Netanyahu has already signalled his willingness to concede in the face of international pressure by the recent announcement to ease the Gaza blockade, which the US regards as untenable. In doing so, he may have left himself vulnerable domestically, with the so-called ‘centrist’ Kadima Party led by Tzipi Livni leading the charge.  She is seen by many in Washington as less-hardline than the current coalition, with whispers that the US might work behind the scenes to unseat Netanyahu who seen as beholden to religious parties in his coalition and therefore unable to meet the US halfway on issues such as settlement expansion.

But after the announcement that the Gaza blockade would be relaxed, Livni accused the Netanyahu Government of making policy at the dictates of international opinion. Previously she accused Netanyahu of overreacting to the flotilla and of destroying Israel’s standing in world opinion. So, even before Netanyahu goes to the White House, it seems that Livni has her sights trained on him, irrespective of whether he aligns more closely to Obama on settlements, Gaza or Iran, or whether another row ensues.

It is just a few weeks since Vice-President Joe Biden was humiliated in Jerusalem by an Israeli announcement that it plans 1,600 new houses in East Jerusalem, a slap-down that mirrored visiting Palestinian Authority President Mahmoud Abbas getting the customary White House Lawn photo-op with the US President — a privilege denied to Netanyahu.

Well-known foreign policy analyst Anthony Cordesman recently rationalised that Netanyahu’s government is becoming a “strategic liability” for the US, saying that “it is time Israel realised that it has obligations to the US, as well as the US to Israel, and that it becomes far more careful about the extent to which it tests the limits of US patience and exploits the support of American Jews.”

That support will weigh on Obama’s mind as he continues his introduction to what predecessor Harry Truman described as a problem unmatched in its complexity and potential for controversy. While 78% of American Jews voted for Obama in 2008, it seems many might be having second thoughts. With midterm elections looming and the passage of the healthcare bill tempered by spectacular turnarounds such as Republican Scott Brown’s victory in Massachusetts, Obama may not want to see the relationship with Israel deteriorate on his watch, for now at least.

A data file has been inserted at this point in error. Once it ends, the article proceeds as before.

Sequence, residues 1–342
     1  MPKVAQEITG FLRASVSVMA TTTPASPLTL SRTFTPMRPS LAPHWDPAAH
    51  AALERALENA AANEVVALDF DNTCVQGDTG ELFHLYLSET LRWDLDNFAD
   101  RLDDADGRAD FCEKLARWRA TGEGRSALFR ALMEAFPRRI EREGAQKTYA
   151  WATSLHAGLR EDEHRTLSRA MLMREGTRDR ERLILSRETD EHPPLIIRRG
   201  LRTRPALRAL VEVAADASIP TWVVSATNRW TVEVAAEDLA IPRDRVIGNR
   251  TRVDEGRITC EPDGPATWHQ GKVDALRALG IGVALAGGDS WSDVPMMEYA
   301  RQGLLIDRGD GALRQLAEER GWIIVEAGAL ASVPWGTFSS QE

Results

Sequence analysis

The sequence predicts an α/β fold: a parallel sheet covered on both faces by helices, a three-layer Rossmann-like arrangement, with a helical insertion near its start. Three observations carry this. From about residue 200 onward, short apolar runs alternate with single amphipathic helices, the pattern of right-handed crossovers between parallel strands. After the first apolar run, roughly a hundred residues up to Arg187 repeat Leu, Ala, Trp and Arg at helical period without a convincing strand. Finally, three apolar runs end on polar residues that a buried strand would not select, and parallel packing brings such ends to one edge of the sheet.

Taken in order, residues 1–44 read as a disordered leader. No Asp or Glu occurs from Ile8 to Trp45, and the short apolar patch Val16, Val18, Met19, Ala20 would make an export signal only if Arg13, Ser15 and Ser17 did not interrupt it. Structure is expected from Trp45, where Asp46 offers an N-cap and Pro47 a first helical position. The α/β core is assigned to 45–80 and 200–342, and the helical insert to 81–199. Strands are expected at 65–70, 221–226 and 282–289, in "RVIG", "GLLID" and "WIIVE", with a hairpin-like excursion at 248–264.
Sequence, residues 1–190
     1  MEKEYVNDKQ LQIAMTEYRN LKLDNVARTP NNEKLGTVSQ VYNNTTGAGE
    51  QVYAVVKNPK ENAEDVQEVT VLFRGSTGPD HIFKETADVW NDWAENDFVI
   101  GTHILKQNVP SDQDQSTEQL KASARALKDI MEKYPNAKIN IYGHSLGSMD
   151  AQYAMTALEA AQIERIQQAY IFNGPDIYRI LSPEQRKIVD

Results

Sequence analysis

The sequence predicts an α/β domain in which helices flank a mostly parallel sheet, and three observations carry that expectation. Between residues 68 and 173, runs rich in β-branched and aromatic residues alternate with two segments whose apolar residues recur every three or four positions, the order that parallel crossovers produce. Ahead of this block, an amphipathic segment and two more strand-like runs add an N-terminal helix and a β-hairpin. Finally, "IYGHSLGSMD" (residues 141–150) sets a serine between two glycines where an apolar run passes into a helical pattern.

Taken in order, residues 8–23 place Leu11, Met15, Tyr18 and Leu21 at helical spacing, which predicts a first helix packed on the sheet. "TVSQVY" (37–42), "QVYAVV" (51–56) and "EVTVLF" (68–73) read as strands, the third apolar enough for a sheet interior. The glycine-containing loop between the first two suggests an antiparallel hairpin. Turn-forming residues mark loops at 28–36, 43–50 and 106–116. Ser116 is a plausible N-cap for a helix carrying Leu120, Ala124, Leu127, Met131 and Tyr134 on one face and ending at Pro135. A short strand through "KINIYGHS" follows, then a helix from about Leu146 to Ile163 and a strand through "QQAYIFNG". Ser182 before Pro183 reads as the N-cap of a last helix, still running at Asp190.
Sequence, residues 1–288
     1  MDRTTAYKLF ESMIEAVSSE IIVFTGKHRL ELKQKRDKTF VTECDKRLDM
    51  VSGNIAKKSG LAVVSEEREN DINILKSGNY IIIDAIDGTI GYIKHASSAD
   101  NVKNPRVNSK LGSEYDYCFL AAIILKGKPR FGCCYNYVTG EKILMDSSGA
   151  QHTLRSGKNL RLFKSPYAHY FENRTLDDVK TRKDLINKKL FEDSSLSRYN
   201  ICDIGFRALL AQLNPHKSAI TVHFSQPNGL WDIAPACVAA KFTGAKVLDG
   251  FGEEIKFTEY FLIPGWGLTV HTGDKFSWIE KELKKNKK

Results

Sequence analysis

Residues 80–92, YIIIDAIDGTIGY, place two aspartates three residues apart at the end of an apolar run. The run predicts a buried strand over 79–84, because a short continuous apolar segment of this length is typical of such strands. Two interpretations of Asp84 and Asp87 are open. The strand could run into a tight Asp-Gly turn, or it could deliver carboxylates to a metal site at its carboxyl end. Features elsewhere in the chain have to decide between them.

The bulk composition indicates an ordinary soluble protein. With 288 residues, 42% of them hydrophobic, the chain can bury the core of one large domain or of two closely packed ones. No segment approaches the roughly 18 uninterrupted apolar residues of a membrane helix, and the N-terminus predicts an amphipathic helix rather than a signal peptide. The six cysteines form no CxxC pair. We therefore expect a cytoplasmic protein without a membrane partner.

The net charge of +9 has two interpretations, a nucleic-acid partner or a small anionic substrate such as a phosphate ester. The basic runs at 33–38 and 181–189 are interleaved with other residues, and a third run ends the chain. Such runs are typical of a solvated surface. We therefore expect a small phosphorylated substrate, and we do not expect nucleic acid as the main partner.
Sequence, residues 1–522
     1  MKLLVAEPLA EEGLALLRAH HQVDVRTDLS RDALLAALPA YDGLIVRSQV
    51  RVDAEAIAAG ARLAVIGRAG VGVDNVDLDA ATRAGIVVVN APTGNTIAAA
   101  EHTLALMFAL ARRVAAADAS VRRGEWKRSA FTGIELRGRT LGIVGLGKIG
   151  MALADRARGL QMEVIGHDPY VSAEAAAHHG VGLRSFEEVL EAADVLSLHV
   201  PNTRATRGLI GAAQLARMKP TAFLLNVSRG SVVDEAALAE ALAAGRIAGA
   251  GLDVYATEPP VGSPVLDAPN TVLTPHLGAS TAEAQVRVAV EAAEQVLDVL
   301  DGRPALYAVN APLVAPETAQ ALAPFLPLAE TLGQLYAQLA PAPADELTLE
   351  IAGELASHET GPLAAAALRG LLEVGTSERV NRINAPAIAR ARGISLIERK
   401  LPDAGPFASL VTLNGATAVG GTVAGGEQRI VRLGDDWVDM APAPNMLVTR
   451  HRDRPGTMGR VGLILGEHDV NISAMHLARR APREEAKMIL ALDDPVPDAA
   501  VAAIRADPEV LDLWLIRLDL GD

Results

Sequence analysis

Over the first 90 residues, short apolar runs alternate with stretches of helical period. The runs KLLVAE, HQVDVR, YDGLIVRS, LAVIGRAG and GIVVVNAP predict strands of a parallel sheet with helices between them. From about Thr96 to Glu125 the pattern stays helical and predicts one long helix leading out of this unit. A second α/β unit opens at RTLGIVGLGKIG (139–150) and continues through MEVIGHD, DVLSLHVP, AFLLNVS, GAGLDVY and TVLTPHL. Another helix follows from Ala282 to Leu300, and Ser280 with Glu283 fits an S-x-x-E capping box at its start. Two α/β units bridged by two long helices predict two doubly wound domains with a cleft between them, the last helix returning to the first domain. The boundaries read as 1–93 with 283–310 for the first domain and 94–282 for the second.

Old-school powerhouses in the American-Jewish lobby have rowed in behind the Israeli Government and lambasted the Obama administration’s cool approach to the “special relationship” between the two countries — though there are divergent views within that constituency.

An April survey by Quinnipiac University showed that 67 percent of Jews disapproved of Barack Obama’s “handling [of] the situation between Israel and the Palestinians.”

In another poll, support for President Obama in the Jewish community dropped to 58 percent, a loss of 20 points on the 2008 election.

However other data suggests that the majority of American Jewish voters are card-carrying Democrats and liberal progressives first, with Israel policy less of a priority than domestic concerns.

Stephen M Walt co-authored The Israel Lobby and US foreign policy, a provocative take on the influence of the Jewish lobby in the US. He told Asia Times that “here are some new pro-Israel groups like J Street that are trying to encourage smarter policies” as a way of countering more security-focused Israeli lobbies in the US.

“There is a much more open discussion of these issues now (due in part to the rise of the Internet and the blogosphere), but the raw political power of AIPAC et al is still formidable,” Walt said.